The NSW Police Force has lost an unfair dismissal case in the state’s Industrial Relations Commission (IRC), after it was found that an allegation of cocaine use is not sufficient to terminate an officer’s employment.
The officer was dismissed from the force after an internal police investigation concluded that he had likely consumed cocaine after a night-out with fellow officers at the Ivy nightclub in Sydney CBD.
A complaint was made by another officer about the incident, which led to the officer being urine tested 15 days after the night in question.
The test returned a negative result, but hair samples detected 120 picograms of cocaine per milligram of hair.
A consultant forensic pharmacologist gave evidence before the IRC that, despite the hair analysis, there were no cocaine metabolites in the officer’s system.
The Commission was further told that the low reading could have been a result of exposure to the drug, rather than ingestion.
It was found that an inference open to the Commission was that the officer had been exposed in the course of his friendship with another officer, in respect of which the police investigation found that the two had attended a ‘Bucks party’ where several people were using cocaine.
A consultant toxicologist opined that the absence of the cocaine metabolite in the applicant’s system did not necessarily mean he did not ingest the drug. Although the doctor could not exclude external contamination as the source of cocaine in the hair sample, he was of the view that the tests suggested “on the balance of probabilities” that the officer had consumed the drug.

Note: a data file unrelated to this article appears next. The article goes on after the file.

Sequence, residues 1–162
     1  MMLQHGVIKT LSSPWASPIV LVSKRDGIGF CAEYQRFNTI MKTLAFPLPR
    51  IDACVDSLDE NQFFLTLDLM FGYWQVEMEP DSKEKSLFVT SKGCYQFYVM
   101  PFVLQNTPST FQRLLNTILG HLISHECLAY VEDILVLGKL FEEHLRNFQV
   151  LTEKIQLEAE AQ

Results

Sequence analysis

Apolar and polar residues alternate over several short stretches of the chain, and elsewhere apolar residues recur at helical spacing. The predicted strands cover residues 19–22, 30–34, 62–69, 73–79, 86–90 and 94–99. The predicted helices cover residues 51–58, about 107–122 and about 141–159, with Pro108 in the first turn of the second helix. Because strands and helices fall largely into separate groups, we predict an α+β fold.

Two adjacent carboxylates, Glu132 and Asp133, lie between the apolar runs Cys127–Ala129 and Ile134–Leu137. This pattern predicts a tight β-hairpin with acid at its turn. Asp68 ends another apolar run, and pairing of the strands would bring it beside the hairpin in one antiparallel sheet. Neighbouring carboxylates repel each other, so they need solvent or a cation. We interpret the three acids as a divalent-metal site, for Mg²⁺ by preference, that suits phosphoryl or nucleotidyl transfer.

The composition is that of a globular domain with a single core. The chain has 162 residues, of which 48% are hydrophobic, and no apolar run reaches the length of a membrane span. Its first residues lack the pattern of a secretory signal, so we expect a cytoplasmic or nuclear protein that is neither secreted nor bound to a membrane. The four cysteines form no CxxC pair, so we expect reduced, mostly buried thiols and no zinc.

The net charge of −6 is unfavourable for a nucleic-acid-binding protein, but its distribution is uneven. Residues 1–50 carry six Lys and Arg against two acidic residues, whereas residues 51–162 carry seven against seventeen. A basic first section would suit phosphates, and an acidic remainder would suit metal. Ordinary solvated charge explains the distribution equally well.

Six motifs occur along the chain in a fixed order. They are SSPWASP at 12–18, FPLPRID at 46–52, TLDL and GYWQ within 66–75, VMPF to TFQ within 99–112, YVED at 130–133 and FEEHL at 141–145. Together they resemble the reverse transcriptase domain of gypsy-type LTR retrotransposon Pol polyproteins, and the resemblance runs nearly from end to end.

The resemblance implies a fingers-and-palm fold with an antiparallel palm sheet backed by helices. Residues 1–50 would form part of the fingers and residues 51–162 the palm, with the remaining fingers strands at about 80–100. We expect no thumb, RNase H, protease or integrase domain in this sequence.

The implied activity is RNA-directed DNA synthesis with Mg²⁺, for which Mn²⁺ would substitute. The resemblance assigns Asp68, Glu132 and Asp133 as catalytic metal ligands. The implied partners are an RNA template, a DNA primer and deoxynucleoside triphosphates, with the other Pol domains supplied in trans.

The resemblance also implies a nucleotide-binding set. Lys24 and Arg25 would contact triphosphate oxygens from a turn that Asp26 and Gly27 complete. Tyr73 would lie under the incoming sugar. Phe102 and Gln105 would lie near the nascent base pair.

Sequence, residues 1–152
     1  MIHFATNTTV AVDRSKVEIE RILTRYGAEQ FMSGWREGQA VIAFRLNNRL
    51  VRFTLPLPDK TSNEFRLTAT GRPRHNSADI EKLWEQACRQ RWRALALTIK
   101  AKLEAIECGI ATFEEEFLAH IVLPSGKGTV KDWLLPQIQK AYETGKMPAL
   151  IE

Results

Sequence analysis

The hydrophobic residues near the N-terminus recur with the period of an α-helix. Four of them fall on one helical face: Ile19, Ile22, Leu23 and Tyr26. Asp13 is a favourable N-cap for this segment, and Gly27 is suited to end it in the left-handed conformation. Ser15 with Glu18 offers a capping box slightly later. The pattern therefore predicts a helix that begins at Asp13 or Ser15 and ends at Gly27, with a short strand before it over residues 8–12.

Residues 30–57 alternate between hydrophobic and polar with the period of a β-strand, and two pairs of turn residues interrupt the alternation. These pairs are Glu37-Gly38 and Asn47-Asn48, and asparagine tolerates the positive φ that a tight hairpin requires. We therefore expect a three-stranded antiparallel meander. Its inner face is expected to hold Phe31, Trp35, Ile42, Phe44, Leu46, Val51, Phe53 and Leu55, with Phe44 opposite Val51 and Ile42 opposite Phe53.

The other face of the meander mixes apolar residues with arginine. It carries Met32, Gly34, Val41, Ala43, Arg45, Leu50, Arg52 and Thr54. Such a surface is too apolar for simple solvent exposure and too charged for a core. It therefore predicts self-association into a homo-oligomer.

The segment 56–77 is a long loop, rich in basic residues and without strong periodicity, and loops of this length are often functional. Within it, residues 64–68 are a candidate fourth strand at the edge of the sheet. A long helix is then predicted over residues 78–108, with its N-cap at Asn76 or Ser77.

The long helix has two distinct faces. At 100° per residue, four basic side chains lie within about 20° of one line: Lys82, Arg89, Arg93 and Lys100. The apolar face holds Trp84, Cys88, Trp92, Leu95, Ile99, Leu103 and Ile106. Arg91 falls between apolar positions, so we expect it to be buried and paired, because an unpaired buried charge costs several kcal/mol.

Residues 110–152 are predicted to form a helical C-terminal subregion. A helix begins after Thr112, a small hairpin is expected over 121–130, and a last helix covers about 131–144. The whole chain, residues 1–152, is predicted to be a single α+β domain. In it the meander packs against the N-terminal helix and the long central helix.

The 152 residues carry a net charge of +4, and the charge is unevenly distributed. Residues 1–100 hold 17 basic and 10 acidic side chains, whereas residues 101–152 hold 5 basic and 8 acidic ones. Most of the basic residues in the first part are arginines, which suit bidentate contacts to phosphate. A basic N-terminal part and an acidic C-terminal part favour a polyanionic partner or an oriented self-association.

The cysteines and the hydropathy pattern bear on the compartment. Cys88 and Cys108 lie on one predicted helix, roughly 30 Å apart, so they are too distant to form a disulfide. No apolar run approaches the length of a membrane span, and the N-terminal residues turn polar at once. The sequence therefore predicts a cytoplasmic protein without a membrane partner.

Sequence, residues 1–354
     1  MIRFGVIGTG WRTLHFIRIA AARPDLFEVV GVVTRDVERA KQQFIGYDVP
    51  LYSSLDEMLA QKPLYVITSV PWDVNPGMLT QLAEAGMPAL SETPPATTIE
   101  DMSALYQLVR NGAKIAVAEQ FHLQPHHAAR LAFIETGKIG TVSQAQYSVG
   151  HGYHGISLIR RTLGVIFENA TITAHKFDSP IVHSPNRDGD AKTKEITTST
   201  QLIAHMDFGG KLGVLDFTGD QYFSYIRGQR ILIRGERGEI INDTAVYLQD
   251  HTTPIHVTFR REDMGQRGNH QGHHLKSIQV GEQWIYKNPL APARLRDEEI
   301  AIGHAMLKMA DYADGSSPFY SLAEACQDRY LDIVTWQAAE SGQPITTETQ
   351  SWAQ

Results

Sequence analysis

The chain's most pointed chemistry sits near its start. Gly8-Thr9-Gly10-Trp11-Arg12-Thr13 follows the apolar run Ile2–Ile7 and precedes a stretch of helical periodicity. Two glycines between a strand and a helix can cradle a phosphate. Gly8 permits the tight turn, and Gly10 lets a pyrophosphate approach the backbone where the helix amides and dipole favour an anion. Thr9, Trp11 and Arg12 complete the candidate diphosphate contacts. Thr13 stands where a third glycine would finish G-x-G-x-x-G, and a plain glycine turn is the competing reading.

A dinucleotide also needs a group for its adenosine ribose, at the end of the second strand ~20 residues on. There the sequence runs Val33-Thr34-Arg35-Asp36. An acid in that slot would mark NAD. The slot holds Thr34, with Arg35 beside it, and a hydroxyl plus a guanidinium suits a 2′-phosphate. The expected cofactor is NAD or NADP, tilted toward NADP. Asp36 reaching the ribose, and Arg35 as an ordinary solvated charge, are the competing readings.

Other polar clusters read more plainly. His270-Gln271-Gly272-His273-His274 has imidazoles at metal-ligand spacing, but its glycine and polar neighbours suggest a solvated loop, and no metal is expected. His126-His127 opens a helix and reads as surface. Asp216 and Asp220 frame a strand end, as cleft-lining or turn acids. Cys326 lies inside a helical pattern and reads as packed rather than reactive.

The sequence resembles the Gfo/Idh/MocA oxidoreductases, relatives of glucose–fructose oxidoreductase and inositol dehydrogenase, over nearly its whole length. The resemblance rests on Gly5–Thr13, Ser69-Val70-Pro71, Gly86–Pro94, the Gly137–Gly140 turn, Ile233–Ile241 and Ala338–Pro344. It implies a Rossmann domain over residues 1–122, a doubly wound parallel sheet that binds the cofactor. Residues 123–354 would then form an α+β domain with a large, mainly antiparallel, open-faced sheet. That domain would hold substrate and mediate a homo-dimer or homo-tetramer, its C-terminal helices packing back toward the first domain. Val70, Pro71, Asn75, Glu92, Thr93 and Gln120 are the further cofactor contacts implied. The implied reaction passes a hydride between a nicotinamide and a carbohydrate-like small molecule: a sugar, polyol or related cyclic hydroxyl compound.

The IRC further heard that the testing of the samples was carried out improperly, as there was no ‘segmental analysis’, which is where samples are taken along the length of a strain of hair.
This is important because congested cocaine detected in the hair should give progressively declining results as the hair grows, while exposure in the environment might not.
There was not enough hair remaining for a fresh segmental test, or to enable testing by an expert engaged by the officer.
A report by a police detective was before the Commission which, among other things, stated:
“The subject officer’s positive drug test combined with his presence at 2 locations where cocaine is known to be used, and the drug use of his friend, are cause for great concern and suspicion about his off duty activities.”
However, the report conceded there was no direct evidence the officer used or possessed cocaine.
“I am not satisfied to the requisite standard that a sustained finding for ‘Illicit Drug Use’ can be reached”, the Detective stated.
The NSW Police Force nevertheless concluded there was enough evidence to reach a finding that the officer had used cocaine, and that his employment should therefore be terminated.
Unfair dismissal laws normally require employers to prove, on the balance of probabilities, that the employee engaged in conduct warranting dismissal.
However, section 181F(2) of the Police Act 1990 (NSW) reverses this onus, requiring officers to prove that their removal was harsh, unreasonable or unjust.
It was agreed between the parties that illegal drug use could justify immediate dismissal from NSW Police Force.
The issue at hand was whether the officer knowingly and deliberately ingested cocaine.
The Commission ultimately found there was strong circumstantial evidence of environmental exposure, and a lack of direct evidence regarding consumption.
Chief Commissioner Kite observed that the hair test was not enough to reach a conclusions that consumption had occurred.
The Commissioner further noted the failure to undertake segmental analysis, and that hair testing is a relatively new science with no uniformly accepted rules for determining consumption.
Accordingly, the IRC ruled the officer had discharged his onus, that the dismissal was unfair and that he should be reinstated.